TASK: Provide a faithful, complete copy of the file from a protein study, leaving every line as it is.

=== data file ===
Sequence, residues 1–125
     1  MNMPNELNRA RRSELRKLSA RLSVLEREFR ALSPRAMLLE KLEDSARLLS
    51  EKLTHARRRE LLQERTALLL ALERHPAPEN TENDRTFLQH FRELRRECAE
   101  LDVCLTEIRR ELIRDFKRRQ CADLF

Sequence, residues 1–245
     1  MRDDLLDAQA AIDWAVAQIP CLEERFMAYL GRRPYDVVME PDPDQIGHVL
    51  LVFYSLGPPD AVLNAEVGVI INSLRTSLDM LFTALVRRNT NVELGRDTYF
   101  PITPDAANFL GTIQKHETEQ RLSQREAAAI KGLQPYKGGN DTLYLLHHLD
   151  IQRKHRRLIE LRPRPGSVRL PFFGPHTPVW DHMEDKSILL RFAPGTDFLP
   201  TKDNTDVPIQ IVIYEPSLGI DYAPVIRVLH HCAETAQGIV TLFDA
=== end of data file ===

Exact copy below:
Sequence, residues 1–125
     1  MNMPNELNRA RRSELRKLSA RLSVLEREFR ALSPRAMLLE KLEDSARLLS
    51  EKLTHARRRE LLQERTALLL ALERHPAPEN TENDRTFLQH FRELRRECAE
   101  LDVCLTEIRR ELIRDFKRRQ CADLF

Sequence, residues 1–245
     1  MRDDLLDAQA AIDWAVAQIP CLEERFMAYL GRRPYDVVME PDPDQIGHVL
    51  LVFYSLGPPD AVLNAEVGVI INSLRTSLDM LFTALVRRNT NVELGRDTYF
   101  PITPDAANFL GTIQKHETEQ RLSQREAAAI KGLQPYKGGN DTLYLLHHLD
   151  IQRKHRRLIE LRPRPGSVRL PFFGPHTPVW DHMEDKSILL RFAPGTDFLP
   201  TKDNTDVPIQ IVIYEPSLGI DYAPVIRVLH HCAETAQGIV TLFDA